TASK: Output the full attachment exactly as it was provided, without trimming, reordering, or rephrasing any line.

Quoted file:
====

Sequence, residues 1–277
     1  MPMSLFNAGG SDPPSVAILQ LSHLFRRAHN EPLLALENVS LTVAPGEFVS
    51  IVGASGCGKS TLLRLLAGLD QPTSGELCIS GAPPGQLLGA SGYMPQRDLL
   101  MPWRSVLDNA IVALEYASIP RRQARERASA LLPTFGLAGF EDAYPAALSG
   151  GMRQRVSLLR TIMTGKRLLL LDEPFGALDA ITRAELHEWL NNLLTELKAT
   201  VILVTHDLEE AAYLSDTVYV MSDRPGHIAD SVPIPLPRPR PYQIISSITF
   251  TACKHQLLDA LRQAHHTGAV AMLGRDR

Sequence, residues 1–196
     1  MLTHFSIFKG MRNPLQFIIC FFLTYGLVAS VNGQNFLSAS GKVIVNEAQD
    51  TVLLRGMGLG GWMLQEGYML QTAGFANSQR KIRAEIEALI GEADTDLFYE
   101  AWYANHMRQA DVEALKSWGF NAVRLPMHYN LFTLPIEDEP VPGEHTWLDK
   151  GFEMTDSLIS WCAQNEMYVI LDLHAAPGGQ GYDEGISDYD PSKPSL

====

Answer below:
Sequence, residues 1–277
     1  MPMSLFNAGG SDPPSVAILQ LSHLFRRAHN EPLLALENVS LTVAPGEFVS
    51  IVGASGCGKS TLLRLLAGLD QPTSGELCIS GAPPGQLLGA SGYMPQRDLL
   101  MPWRSVLDNA IVALEYASIP RRQARERASA LLPTFGLAGF EDAYPAALSG
   151  GMRQRVSLLR TIMTGKRLLL LDEPFGALDA ITRAELHEWL NNLLTELKAT
   201  VILVTHDLEE AAYLSDTVYV MSDRPGHIAD SVPIPLPRPR PYQIISSITF
   251  TACKHQLLDA LRQAHHTGAV AMLGRDR

Sequence, residues 1–196
     1  MLTHFSIFKG MRNPLQFIIC FFLTYGLVAS VNGQNFLSAS GKVIVNEAQD
    51  TVLLRGMGLG GWMLQEGYML QTAGFANSQR KIRAEIEALI GEADTDLFYE
   101  AWYANHMRQA DVEALKSWGF NAVRLPMHYN LFTLPIEDEP VPGEHTWLDK
   151  GFEMTDSLIS WCAQNEMYVI LDLHAAPGGQ GYDEGISDYD PSKPSL